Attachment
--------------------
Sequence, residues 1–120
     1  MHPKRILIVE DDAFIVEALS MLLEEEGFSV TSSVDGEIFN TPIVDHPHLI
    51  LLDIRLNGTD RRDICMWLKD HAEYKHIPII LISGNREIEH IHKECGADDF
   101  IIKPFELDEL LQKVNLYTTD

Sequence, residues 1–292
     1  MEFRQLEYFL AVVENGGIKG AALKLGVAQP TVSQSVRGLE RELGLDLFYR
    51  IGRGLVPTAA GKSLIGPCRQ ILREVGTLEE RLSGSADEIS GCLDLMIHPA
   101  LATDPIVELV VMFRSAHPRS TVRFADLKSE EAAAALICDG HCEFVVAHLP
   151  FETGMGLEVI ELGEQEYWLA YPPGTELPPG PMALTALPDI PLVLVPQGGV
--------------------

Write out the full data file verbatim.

Sequence, residues 1–120
     1  MHPKRILIVE DDAFIVEALS MLLEEEGFSV TSSVDGEIFN TPIVDHPHLI
    51  LLDIRLNGTD RRDICMWLKD HAEYKHIPII LISGNREIEH IHKECGADDF
   101  IIKPFELDEL LQKVNLYTTD

Sequence, residues 1–292
     1  MEFRQLEYFL AVVENGGIKG AALKLGVAQP TVSQSVRGLE RELGLDLFYR
    51  IGRGLVPTAA GKSLIGPCRQ ILREVGTLEE RLSGSADEIS GCLDLMIHPA
   101  LATDPIVELV VMFRSAHPRS TVRFADLKSE EAAAALICDG HCEFVVAHLP
   151  FETGMGLEVI ELGEQEYWLA YPPGTELPPG PMALTALPDI PLVLVPQGGV